But we know a man in a better sense than this when we are on speaking terms with him. "Do you know So-and-so?" "Yes," you say, I not only know him by name, so as to recognize him; I not only know him as a tradesman having dealt with him, but I know him because when we pass each other in the morning, we exchange a word or two; and if I had anything to say upon matters—any request to make—I should feel no difficulty about asking him." Well, now. the Christian knows his Lord in this sense, he has every day official communication with Christ, he is on speaking terms with him. There may be persons here, perhaps, who know the Queen in a sense in which I do not know her—perhaps they speak to him. They have so done; I have never done that; they go beyond me there. But you see, dear friends, this is not a very great thing because you may be on speaking terms with a man, but you may not know much of him for all that. So you may be in the habit of daily prayer, and you may talk with Christ every morning and every evening, and you may know exceedingly little of him. You are on speaking terms with him; but there ins something beyond this, very far beyond this. As I might say that I know a man merely because I meet him every day, and ask him for what I want, and understand that he is kind and generous; but how shallow is such an acquaintance, for I do not know his private character nor his inward heart. Even so a believer may have constant dealings with Christ in his prayers and in his praises, and yet for all that, he may have only gone a certain distance, and may have need still to pray, "That I may know him."
    But you are said to know a person better still when he invites you to his house. At Christmas time there is a family party and a romp, and he asks you there, and you are one of the children, and enter into all their sports around the fire-side, and you indulge as they do in the genialities of social life. You are asked again; you go there pretty often; in fact, if there is a happy evening in that house they generally expect to see friend So-and-so there. Well, now, that is better. We are getting now into something like knowing a man; and I do trust there are many of you, beloved, who have got as far as this with regard to your divine Lord. Christ has entertained you with some rare visits from his gracious presence. He brought you into the banquetting-house, and his banner over you was love. When he manifested himself, he did it unto you as he did not unto the world. He was pleased in the majesty of his condescension, to take you aside and show you his hands and his side. He called you "Friend;" he treated you as such, and permitted you to enjoy thine sweets of being one of the family.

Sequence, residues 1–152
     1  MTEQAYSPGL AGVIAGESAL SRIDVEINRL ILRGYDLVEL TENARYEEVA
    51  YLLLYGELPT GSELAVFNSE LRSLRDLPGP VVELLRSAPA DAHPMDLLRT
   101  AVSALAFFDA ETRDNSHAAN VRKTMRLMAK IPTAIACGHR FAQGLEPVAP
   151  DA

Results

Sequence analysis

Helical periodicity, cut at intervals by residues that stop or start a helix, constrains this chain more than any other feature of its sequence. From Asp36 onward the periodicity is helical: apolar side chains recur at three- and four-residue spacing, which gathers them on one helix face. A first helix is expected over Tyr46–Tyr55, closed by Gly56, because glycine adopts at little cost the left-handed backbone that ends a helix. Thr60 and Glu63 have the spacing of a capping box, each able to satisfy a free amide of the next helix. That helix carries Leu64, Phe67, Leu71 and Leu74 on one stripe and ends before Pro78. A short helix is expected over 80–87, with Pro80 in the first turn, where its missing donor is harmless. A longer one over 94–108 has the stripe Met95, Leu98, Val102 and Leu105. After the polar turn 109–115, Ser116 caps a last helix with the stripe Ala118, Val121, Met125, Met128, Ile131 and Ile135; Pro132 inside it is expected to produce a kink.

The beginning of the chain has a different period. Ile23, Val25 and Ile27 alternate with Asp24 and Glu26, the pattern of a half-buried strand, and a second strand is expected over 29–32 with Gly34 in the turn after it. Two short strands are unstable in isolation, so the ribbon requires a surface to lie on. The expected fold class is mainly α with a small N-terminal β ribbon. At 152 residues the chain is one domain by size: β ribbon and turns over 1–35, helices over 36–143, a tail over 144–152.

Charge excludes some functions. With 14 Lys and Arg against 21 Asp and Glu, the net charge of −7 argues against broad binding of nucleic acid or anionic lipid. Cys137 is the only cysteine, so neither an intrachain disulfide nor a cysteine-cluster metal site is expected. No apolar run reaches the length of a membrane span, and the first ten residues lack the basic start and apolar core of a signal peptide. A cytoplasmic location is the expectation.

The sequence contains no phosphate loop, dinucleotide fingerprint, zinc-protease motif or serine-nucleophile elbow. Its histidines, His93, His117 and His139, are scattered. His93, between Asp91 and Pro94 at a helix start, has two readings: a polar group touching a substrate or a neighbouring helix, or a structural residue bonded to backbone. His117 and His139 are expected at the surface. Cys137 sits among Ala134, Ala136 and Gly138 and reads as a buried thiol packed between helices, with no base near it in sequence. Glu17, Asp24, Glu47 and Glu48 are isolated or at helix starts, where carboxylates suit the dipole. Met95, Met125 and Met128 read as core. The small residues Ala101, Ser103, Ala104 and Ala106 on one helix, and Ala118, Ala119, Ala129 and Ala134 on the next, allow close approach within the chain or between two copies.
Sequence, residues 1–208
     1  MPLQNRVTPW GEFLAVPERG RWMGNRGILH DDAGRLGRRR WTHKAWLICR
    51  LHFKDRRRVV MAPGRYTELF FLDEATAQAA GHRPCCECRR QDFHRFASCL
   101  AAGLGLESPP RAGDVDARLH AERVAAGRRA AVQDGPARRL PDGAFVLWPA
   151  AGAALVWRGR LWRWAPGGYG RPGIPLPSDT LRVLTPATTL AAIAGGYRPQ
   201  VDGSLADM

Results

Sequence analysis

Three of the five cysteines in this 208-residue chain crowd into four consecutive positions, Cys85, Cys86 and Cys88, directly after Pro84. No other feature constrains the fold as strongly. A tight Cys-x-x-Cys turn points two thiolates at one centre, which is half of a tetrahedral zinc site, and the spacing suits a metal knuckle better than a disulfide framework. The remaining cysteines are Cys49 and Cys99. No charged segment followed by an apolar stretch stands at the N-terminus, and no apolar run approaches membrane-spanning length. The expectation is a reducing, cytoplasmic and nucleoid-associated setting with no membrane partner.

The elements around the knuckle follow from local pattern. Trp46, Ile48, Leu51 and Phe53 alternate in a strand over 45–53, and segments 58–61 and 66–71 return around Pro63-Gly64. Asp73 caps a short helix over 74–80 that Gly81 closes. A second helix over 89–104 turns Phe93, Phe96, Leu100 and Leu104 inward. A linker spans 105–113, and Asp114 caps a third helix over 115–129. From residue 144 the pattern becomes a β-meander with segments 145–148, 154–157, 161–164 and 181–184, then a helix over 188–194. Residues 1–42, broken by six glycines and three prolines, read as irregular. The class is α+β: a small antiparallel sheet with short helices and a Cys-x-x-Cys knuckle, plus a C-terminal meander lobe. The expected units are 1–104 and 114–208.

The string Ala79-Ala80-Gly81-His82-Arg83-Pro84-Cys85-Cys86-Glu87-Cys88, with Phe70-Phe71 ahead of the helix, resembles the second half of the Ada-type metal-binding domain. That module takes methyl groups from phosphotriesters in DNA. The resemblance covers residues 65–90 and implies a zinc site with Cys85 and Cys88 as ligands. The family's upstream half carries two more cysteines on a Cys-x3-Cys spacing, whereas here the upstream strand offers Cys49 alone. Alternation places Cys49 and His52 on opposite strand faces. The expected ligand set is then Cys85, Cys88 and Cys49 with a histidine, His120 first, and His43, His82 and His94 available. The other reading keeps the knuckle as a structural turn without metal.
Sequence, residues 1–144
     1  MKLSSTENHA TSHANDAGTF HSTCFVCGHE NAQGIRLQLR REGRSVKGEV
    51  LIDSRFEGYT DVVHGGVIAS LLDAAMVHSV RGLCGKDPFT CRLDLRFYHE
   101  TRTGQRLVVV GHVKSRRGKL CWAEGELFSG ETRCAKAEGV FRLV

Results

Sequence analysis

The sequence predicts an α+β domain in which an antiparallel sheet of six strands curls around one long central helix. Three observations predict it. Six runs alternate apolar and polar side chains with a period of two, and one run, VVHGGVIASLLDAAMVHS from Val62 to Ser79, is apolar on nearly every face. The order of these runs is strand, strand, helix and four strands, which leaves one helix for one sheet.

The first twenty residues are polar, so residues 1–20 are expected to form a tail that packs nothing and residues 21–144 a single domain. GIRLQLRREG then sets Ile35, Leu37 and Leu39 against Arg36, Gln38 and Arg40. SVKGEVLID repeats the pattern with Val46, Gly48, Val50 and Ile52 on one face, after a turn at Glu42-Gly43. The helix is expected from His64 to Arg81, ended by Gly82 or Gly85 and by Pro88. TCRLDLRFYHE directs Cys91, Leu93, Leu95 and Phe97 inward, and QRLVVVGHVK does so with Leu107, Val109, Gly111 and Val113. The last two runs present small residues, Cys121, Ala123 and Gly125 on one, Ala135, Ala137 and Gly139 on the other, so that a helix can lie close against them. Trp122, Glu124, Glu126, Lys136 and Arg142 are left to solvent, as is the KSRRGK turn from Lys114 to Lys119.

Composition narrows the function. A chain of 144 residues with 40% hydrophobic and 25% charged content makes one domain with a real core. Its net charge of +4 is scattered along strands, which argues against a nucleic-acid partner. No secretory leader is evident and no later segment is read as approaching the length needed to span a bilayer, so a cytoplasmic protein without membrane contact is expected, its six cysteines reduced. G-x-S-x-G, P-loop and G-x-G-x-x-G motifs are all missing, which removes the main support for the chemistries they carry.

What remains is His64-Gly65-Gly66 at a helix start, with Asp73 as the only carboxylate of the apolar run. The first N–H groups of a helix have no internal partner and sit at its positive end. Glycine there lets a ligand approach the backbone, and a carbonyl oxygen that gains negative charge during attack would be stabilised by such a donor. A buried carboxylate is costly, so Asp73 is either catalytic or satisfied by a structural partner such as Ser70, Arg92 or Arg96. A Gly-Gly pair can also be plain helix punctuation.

Ah, but you may go into a man's house as a constant visitor, and yet you may not know him—that is to say, not in the highest sense. You speak to the man's wife and say, "Your husband is a marvellously charming man; what a cheerful, joyful, spirited man he is; he never seems to have any depressions of spirit, and experiences no changes whatever." She shakes her head. and she says, "Ah! you do not know him, you do not know him as I do;" because shine sees him at all times and at all hours; she can read the very heart of the man. That Christian has grown much in grace who has advanced not only to be the friend of Christ, having occasional fellowship with him, but who comes to recognize his marriage-union with the person of his Lord, and of whom it can be said, "The secret of the Lord is with them that fear him; and he will show them his covenant," Now we have the intimacy of love, with its perfect frankness, nearness, sweetness, joyousness, delight. The rending away of every separating veil makes the communion to be as near as it well can be this side the black river; but a Christian may get farther than this.
    Even the spouse may not know her husband. The most loving wife who ever entered into the cares of her husband, must have discovered that there is a something which separates his experience from her powers of comprehension. Luther's wife. Catherine, was of all women the wife for Luther; but there were times in Luther's gigantic tribulations, when he must leave Kate behind. There were extraordinary times within him; times both of ecstatic joy, when like a great angel, he stretched his mighty wings, and flew right up to heaven, and of awful misery, when he seemed to sink down to the very depths of hell; and in either case, no other heart could keep pace with him. Then it was himself alone who had communion with himself. And a Christian may so grow in grace as to become identified with Christ, a member of his body; not so much married to him as a part of him, a member of the great body of Christ, so that he suffers with Christ, sympathizes with Jesus, his heart beating to the same dolorous tune, his veins swollen with the sumac floods of grief, or else his eyes sparkling with that same gleam of joy, according to the Master's Word, "That my joy might remain in you, and that your joy might be full."